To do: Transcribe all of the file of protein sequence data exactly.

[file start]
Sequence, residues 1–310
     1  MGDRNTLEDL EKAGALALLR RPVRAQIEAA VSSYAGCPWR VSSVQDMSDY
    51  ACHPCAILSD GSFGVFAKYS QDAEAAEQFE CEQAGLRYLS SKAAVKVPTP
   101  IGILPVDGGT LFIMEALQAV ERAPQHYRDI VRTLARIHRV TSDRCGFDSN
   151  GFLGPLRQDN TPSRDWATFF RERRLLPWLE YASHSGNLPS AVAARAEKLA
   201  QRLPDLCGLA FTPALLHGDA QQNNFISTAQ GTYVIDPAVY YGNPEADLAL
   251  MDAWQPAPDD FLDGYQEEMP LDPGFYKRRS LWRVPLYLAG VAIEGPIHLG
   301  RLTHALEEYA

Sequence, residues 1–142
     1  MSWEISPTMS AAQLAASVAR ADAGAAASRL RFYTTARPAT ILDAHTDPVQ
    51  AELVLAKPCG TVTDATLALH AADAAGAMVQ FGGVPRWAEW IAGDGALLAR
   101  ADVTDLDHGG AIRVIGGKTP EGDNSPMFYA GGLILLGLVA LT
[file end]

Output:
Sequence, residues 1–310
     1  MGDRNTLEDL EKAGALALLR RPVRAQIEAA VSSYAGCPWR VSSVQDMSDY
    51  ACHPCAILSD GSFGVFAKYS QDAEAAEQFE CEQAGLRYLS SKAAVKVPTP
   101  IGILPVDGGT LFIMEALQAV ERAPQHYRDI VRTLARIHRV TSDRCGFDSN
   151  GFLGPLRQDN TPSRDWATFF RERRLLPWLE YASHSGNLPS AVAARAEKLA
   201  QRLPDLCGLA FTPALLHGDA QQNNFISTAQ GTYVIDPAVY YGNPEADLAL
   251  MDAWQPAPDD FLDGYQEEMP LDPGFYKRRS LWRVPLYLAG VAIEGPIHLG
   301  RLTHALEEYA

Sequence, residues 1–142
     1  MSWEISPTMS AAQLAASVAR ADAGAAASRL RFYTTARPAT ILDAHTDPVQ
    51  AELVLAKPCG TVTDATLALH AADAAGAMVQ FGGVPRWAEW IAGDGALLAR
   101  ADVTDLDHGG AIRVIGGKTP EGDNSPMFYA GGLILLGLVA LT